The Apgar scale is a measure for evaluating the condition of a newborn baby. The five test criteria Appearance, Pulse, Grimace, Activity, and Respiration form an acronym named after Virginia Apgar who first introduced this type of testing on newborns in 1953.

The five categories in the Apgar Scale (or Apgar Test) are evaluated
using the following criteria:

SIGN                                     POINTS

                            0                     1                2  
Appearance*            Pale or Blue           Body pink:        Pink
(color)                                       extremities blue

Pulse                  Not detectable         Below 100         Over 100  

Grimace                No response to         Grimace           Lusty cry  
(reflex irritability)  stimulation

Activity               Flaccid                Some movement     A lot of  
(muscle tone)          (no or weak activity)  of extremities    activity

Respiration            None                   Slow, irregular   Good  
(breathing)                                                     (crying)
*In non-white children, color of mucus membranes of mouth, of the
whites of the eyes, of lips, palms, hands and soles of feet will be

Babies whose score is between 7 and 10 are considered to be in good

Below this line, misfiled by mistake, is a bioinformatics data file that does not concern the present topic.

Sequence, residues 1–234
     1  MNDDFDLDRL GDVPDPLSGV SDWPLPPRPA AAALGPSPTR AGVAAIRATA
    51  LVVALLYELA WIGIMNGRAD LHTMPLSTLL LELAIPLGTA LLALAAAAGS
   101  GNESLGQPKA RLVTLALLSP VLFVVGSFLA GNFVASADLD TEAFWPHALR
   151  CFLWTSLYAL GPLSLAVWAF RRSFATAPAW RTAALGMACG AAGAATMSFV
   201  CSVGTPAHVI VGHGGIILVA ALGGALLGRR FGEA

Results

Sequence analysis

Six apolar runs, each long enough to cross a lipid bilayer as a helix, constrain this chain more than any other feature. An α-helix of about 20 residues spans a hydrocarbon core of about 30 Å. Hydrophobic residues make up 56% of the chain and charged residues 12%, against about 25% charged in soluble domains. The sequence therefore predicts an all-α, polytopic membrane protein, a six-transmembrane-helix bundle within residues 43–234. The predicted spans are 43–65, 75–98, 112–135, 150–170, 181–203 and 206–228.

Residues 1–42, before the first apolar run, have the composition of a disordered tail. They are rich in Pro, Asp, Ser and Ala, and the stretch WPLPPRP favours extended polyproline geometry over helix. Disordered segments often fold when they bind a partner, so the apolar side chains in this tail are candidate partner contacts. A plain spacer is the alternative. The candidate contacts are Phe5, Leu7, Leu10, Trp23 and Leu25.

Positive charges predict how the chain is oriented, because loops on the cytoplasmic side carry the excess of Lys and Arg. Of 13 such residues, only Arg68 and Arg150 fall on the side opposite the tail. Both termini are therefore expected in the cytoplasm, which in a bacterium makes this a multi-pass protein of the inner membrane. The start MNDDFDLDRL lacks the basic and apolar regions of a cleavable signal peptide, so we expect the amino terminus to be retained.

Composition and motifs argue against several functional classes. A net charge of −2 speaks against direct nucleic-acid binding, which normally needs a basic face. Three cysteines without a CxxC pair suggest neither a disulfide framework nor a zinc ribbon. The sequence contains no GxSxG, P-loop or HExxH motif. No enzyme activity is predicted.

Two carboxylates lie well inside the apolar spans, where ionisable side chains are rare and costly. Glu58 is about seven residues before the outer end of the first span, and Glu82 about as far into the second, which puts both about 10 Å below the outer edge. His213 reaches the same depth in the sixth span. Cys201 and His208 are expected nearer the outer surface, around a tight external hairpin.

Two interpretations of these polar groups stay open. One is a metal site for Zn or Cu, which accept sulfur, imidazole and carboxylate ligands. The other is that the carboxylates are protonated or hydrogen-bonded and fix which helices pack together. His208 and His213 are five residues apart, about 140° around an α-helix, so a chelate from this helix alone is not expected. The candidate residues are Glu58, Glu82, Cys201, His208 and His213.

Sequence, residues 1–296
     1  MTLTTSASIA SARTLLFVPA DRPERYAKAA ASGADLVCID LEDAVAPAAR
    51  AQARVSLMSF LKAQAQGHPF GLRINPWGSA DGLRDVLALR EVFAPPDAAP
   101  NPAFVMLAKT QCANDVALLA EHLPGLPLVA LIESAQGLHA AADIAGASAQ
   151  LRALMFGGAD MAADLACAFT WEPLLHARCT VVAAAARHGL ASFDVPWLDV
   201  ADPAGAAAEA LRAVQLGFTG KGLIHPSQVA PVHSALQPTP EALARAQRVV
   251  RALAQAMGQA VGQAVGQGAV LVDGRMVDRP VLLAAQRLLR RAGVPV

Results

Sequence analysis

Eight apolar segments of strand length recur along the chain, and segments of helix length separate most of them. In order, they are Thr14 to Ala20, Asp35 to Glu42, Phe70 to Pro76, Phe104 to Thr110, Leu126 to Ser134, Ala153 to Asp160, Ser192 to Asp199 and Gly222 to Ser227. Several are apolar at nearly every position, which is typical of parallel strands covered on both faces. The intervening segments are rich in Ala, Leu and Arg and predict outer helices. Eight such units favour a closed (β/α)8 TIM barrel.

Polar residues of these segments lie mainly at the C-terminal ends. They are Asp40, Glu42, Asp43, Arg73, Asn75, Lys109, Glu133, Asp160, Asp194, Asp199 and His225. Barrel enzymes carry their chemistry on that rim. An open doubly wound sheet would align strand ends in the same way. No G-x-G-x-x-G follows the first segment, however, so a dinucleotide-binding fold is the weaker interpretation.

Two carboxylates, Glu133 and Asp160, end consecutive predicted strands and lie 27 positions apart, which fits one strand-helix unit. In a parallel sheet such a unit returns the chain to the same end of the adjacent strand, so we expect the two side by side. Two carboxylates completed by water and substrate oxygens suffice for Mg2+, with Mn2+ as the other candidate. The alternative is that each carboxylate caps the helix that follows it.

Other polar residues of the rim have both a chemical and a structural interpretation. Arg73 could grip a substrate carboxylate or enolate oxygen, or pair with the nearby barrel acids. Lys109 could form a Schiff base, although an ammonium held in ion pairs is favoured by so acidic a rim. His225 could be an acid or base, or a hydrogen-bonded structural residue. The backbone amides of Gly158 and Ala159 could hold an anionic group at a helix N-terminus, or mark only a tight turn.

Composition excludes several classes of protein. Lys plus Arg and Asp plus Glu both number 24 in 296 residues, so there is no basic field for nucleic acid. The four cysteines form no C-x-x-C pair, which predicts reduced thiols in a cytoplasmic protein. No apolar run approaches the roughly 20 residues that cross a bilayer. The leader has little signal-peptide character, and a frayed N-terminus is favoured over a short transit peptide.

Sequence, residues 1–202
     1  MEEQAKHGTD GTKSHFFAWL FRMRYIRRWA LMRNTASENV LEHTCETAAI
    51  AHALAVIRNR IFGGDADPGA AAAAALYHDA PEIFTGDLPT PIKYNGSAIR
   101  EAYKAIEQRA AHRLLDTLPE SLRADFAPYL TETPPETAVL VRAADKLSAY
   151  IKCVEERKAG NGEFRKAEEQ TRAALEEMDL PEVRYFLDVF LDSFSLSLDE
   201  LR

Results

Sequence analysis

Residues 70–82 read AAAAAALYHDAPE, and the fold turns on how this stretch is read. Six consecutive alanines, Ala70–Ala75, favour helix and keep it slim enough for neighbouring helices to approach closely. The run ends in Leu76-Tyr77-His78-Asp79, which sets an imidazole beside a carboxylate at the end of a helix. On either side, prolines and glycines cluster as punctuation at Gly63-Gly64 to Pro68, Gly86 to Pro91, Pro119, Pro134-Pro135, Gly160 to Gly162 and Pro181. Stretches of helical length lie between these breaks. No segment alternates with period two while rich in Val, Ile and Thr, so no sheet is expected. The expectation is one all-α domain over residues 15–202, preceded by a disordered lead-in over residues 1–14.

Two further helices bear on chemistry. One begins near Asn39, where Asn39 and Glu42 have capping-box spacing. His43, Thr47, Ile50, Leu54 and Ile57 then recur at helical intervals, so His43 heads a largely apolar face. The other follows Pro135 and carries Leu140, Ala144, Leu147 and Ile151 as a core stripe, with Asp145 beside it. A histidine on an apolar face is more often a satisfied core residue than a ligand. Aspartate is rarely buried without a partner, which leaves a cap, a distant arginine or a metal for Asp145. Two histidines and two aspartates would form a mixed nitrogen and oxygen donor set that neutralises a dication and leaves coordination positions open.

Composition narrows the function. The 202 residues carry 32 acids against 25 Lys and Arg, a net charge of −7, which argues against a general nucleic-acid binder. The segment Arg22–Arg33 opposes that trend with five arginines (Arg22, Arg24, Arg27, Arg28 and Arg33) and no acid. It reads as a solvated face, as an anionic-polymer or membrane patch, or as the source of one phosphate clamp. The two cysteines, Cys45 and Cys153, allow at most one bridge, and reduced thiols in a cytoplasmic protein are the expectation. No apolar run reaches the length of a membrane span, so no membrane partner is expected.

condition. Those scoring between 4 and 6 are in fair condition and may
require extra attention. Those with a score below 4 are in poor
condition and probably will need immediate life-saving efforts.

Limitations of the Apgar score:

While we all want our babies to be a perfect 10, an Apgar score of 10 at 1 minute reflects an overly generous scorer more than the condition of the baby. Almost all babies have bluish feet and hands at birth and for several minutes (to hours) thereafter.

The 1 and 5 minute Apgar scores are just a picture of the baby's condition within a window of time. They do not accurately predict long-term outcomes. A low 10 minute Apgar score (babies with low 1 and 5 minute scores are commonly tested again at 10 minutes) does predict long-term outcomes somewhat but is still unreliable.

Scoring is subjective and susceptible to scorer bias. The person caring for the mother tends to give a higher score. The person caring for the infant tends to score lower.

Apgar scores are inappropriately used to evaluate the health care provided in medical malpractice cases, thus perpetuating use of a fudge factor when scoring.

The Apgar score is even less useful for premature babies who are naturally floppy and may have low scores yet have no asphyxia. This means the score’s value as a tool to predict the need for immediate resuscitation in prematures is limited.

So, if your little angel scored a perfect 10 don't count on merit based scholarships based on that fact alone and if s/he scored a 7 you still need to start that college fund.

Log in or register to write something here or to contact authors.